Tuesday, July 06, 2004

 

Apache Vs. IIS

This article appeared in Punch Sulzberger's Vanity Press yesterday (registration required unfortunately, you do use a disposable addy for this sort of thing, don't you) , and I couldn't resist the urge to comment.

OK, just to appease the legal types, let's get the disclaimer out of the way. All copyrighted material quoted here is the property of its owners, and any excerpting of same acknowledges copyright, and is done only for fair use criticism purposes.

In a campaign season of polarization, when Republicans and Democrats seem far apart on issues like Iraq, the economy and leadership style, it is perhaps not surprising that the parties find themselves on different sides in the politics of software as well.

The Web sites of Senator John Kerry and the Democratic National Committee run mainly on the technology of the computing counterculture: open-source software that is distributed free, and improved and debugged by far-flung networks of programmers.

In the other corner, the Web sites of President Bush and the Republican National Committee run on software supplied by the corporate embodiment of big business - Microsoft.

Just because Mr. Gates is a large taxpayer doesn't mean there are necessarily political synergies between him and the Republicans. I detect rather the opposite from him as well as the rest of the senior MSFT leadership.

The dispute can take on a political flavor at times. David Brunton, who is a founder of Plus Three, a technology and marketing consulting company that has done much of the work on the Democratic and Kerry Web sites, regards open-source software as a technological expression of his political beliefs. Mr. Brunton, 28, a Harvard graduate, describes himself as a "very left-leaning Democrat." He met his wife, Lina, through politics; she is a staff member at the Democratic National Committee.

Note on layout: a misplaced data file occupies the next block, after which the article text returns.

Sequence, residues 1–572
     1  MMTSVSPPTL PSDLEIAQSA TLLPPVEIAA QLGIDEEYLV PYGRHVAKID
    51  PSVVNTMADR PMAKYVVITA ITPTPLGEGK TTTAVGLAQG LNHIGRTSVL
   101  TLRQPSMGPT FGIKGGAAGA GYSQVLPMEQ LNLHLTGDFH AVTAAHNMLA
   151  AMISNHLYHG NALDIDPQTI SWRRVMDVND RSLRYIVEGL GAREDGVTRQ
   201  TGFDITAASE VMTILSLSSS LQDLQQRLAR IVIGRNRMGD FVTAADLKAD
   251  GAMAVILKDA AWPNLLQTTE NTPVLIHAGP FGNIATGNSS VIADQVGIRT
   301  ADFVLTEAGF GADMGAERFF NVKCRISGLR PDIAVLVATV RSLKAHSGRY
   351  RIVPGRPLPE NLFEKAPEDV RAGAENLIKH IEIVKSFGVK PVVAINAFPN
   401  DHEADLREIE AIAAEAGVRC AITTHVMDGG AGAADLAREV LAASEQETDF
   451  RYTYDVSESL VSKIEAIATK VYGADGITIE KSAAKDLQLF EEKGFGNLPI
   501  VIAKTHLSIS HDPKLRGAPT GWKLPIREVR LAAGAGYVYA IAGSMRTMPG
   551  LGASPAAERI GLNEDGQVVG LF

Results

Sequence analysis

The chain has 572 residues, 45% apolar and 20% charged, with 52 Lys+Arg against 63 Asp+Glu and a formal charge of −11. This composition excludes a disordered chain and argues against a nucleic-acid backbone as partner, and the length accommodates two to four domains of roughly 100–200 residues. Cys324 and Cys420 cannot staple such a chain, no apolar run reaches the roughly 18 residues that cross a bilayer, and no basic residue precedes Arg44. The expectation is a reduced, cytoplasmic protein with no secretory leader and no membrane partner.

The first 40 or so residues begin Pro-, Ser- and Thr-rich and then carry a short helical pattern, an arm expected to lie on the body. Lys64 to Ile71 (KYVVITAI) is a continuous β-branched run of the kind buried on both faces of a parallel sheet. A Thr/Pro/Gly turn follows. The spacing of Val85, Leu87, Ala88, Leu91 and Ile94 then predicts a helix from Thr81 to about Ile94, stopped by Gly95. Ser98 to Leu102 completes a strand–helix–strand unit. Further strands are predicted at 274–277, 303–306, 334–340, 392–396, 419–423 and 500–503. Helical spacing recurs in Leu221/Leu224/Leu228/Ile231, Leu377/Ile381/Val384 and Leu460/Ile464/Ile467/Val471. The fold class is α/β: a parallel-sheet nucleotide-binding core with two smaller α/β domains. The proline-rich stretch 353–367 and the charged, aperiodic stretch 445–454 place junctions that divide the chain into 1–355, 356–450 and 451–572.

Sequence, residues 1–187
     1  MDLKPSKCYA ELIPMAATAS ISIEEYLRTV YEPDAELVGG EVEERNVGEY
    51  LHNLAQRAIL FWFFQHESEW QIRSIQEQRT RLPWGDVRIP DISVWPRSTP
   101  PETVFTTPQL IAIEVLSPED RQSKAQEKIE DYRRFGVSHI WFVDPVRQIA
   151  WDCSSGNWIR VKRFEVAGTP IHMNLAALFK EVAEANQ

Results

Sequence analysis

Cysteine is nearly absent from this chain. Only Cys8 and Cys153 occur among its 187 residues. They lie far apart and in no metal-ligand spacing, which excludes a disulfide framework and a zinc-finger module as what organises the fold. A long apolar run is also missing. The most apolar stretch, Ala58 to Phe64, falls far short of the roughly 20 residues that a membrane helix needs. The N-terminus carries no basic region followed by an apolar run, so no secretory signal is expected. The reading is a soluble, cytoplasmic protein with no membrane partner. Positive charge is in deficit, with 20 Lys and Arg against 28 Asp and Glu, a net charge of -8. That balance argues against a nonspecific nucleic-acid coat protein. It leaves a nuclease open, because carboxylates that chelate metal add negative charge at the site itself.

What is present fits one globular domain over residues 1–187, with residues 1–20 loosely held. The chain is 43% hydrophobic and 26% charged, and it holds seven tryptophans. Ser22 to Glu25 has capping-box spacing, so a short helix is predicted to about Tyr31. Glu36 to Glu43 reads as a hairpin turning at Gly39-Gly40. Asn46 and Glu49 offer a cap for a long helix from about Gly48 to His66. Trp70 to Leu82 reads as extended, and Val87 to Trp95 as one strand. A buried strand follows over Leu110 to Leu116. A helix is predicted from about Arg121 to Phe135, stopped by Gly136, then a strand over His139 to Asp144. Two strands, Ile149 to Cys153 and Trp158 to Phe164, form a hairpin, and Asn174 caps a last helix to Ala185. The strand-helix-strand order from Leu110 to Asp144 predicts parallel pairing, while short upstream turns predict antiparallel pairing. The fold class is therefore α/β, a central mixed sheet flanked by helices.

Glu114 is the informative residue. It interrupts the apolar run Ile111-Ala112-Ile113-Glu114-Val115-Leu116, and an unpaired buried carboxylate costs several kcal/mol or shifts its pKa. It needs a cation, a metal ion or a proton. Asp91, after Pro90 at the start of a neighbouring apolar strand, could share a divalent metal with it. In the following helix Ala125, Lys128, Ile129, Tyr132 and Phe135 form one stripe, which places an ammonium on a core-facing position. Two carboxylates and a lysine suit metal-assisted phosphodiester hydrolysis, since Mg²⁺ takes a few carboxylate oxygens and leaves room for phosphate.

His company's client list includes state Democratic parties in Ohio and Missouri, and union groups including the United Federation of Teachers and the parent A.F.L.-C.I.O. "The ethic of open source has pervaded progressive organizations," Mr. Brunton said.

There's that naughty word, progressive. The instant the word "progressive" is uttered by a left-leaning type, unless it's in the context of discussing Yes and Nektar, darn sure he/she/it will be referring to something Stalinist. I well remember the Village Voice describing a certain Central Brooklyn politician as a progressive, when he was actually well-known for his anti-Semitic rabble rousing.

But the politics surrounding open-source software do not always fit neatly into party categories. The people who work on software like the Linux operating system, the Apache Web server and others are an eclectic bunch of technologists. "You'll find gun nuts along with total lefties," Linus Torvalds, the creator of Linux, said in an e-mail message.

Notice Linus' phrase "gun nuts". Just because someone enjoys the hobby of collecting and shooting firearms does not make them a "gun nut". Just because someone keeps a weapon for personal safety does not make them a "gun nut". What would I consider a "gun nut"? Someone who treats firearms irresponsibly, someone like this, ferinstance:

I count at least three major gun safety violations there. Uh, Lurch, take your finger off the goddamn trigger if you aren't aiming!

Back to the fisking of the article -
Those open-source advocates will presumably find Senator Kerry more appealing than President Bush, according to Daniel Weitzner, technology and society director at the World Wide Web Consortium, an Internet standards-setting organization.

"It may be that the populist-versus-establishment dynamic plays out as Democrat versus Republican in this election," Mr. Weitzner said. "But the open-source movement is a populist phenomenon, enabled by the Internet, and not a partisan force in any traditional sense of politics."

Iffy proposition. I know plenty of partisan Microsoft defenders who are staunch Democrats. The unwashed Linux types may vote whatever way they choose, but there are plenty of Linux advocates (for the simplest of reasons, going to Linux saves them big money) in the biggest Wall Street shops who are staunch Republicans.